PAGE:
Bank credits to the MSME sector should be boosted through a structured credit guarantee system and the reinstatement of loan restructuring in deserving cases. Banks should increase the capital adequacy ratio to share commercial risks and implement a “self-insurance mechanism”, We must recognize this; in a developing economy, the risk of bad debts is inevitable. This needs to be shared by borrowers, banks and government in a structured way. Too much hype around NPA standards and distrust of bankers and entrepreneurs will be counterproductive.
Currently, business and tax laws are not so encouraging for business expansion. Very often business failures are equated with crime. Even delay or non-compliance leads to criminal prosecution. India needs to overcome the past legacy of colonial laws and the syndrome of excessive and harsh regulation. Criminal prosecution should be a last option with prior approval from higher authority. The existence of a criminal intent must be an essential criterion before initiating criminal proceedings.
Several studies have concluded that trade laws and regulations should prevail, but they should be simple and consistent with the majority and should lead to development results. Legislative intent must be disclosed in the preamble of each statute. Facilitation must coexist with regulation. By this, the respect for the law will progress and the respect for the law and the institution will succeed.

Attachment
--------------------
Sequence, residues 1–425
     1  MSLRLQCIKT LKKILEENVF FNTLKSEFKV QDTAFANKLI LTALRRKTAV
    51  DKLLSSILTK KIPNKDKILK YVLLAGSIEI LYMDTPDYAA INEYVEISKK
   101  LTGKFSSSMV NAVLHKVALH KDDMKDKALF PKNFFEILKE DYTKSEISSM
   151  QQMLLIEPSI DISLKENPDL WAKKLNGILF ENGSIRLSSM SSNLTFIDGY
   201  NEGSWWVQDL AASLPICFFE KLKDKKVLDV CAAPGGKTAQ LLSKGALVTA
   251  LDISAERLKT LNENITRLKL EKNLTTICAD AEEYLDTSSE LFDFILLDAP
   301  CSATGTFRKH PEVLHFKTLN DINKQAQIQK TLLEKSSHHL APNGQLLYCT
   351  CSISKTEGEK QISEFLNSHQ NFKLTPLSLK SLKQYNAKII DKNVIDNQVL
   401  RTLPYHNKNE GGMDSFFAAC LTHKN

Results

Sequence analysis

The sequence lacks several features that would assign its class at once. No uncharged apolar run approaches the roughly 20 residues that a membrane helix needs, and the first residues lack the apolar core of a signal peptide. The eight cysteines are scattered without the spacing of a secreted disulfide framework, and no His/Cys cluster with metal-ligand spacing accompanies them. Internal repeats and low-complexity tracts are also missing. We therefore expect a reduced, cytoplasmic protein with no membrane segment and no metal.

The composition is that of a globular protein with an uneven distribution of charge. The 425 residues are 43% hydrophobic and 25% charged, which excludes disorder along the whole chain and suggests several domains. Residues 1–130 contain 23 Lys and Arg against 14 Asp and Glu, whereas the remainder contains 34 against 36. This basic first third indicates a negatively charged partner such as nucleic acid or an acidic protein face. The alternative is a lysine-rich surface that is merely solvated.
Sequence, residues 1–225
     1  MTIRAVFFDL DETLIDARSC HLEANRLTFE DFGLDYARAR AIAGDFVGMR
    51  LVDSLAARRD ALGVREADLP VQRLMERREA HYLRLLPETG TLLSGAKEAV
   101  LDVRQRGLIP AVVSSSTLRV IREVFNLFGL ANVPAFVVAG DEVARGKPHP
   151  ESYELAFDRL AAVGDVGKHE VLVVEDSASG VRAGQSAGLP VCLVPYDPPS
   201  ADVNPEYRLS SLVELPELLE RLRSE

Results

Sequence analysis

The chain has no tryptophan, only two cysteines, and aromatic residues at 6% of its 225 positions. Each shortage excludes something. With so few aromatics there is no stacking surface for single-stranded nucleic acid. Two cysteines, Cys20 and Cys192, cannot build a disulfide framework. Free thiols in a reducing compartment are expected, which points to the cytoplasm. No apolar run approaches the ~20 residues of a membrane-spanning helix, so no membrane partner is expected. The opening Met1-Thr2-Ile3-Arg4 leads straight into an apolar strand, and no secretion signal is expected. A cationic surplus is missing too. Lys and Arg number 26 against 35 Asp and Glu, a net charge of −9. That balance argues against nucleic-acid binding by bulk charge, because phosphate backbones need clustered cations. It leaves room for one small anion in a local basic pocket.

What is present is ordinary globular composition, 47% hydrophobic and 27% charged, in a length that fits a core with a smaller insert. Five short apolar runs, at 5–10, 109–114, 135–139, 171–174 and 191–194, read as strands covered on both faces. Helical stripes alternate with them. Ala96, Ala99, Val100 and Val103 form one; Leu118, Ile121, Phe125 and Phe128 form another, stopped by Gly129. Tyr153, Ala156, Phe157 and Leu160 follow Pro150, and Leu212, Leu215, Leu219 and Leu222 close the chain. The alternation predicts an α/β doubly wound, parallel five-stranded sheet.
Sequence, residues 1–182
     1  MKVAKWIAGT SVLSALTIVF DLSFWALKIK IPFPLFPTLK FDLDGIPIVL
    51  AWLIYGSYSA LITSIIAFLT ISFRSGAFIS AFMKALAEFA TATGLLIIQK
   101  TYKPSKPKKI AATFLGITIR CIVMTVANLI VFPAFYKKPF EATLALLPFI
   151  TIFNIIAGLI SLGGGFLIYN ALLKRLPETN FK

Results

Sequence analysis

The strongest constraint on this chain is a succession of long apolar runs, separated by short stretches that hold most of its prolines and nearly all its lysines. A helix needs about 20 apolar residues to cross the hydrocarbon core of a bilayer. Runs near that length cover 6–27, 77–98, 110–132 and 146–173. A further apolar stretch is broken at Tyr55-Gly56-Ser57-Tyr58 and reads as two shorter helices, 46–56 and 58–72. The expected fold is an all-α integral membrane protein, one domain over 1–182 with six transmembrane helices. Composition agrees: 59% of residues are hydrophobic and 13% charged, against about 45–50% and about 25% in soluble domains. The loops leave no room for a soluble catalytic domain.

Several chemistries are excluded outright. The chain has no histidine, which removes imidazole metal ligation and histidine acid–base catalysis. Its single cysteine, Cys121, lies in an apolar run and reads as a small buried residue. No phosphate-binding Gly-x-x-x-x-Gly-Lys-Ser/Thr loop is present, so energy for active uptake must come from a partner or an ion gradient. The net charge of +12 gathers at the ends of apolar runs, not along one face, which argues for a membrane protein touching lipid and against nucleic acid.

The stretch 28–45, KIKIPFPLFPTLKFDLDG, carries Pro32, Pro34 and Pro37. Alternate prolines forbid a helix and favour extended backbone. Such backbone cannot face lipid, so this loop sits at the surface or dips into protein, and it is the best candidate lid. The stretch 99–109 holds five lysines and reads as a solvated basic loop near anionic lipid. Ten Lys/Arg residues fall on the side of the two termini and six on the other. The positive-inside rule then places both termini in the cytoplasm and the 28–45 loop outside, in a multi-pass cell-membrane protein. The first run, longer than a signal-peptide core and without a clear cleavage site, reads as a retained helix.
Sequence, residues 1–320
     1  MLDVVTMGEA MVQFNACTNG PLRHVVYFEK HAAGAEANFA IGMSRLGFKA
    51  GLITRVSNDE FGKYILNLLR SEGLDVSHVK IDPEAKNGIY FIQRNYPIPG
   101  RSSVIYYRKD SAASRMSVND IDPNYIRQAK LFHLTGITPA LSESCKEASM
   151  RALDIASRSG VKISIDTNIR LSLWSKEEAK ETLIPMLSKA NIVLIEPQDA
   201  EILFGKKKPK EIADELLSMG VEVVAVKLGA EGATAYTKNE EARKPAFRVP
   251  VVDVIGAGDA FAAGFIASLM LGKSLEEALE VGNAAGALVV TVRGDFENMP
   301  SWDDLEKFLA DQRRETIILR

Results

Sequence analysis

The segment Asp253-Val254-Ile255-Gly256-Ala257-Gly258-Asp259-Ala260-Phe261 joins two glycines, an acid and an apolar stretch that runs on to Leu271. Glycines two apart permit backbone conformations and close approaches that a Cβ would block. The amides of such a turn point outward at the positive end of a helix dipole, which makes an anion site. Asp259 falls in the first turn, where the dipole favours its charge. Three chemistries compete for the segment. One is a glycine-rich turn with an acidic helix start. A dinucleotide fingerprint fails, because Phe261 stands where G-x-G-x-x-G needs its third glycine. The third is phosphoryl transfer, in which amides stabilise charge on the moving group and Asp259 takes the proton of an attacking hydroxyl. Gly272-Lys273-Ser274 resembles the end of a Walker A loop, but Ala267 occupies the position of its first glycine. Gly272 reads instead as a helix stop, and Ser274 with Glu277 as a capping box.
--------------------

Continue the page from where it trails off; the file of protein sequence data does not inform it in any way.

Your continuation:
Most business laws and regulations are designed with big business in mind. For medium-sized companies, these are indeed difficult to fully respect. The Indian Companies Act 2013, environmental regulations and land acquisition laws are some examples. This list is too long and is growing every year.
Similarly, several archaic regulations in other sectors have turned India into a high cost economy; which needs to be redesigned. India’s economic efficiency must be improved to achieve the nation’s prosperity. An administrative circular lifting these impediments will send a positive message to job providers to join the team.
Over a period of time, India is witnessing such a situation, in which, every regulator and tax practitioner is seeking more powers to punish business ventures. Facilitation jobs are rarely preferred. While delegating regulatory powers, an additional responsibility to facilitate business can also be delegated. Empowerment without accountability is never good for the developing nation.
Any productive asset, regardless of management control in the private or public sector, generates jobs, public revenue (GDP) and public revenue (taxes). These should be treated as national property and protected in the public interest. Such a message should go below the line to the district level. All these bold reforms will boost the morale and fighting spirit of entrepreneurs, and thereafter the economic crisis will be a trivial problem. On the contrary, India will bounce back with a bigger push.
(By RP Gupta, author, Turn Around India, Jan Andolan & Turn Around India-2020)
Disclaimer: Opinions are personal